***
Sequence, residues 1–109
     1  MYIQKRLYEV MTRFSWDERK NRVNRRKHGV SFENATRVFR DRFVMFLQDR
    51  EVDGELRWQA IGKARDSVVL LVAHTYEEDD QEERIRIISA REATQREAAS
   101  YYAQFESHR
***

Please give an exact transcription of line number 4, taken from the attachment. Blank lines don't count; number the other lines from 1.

   101  YYAQFESHR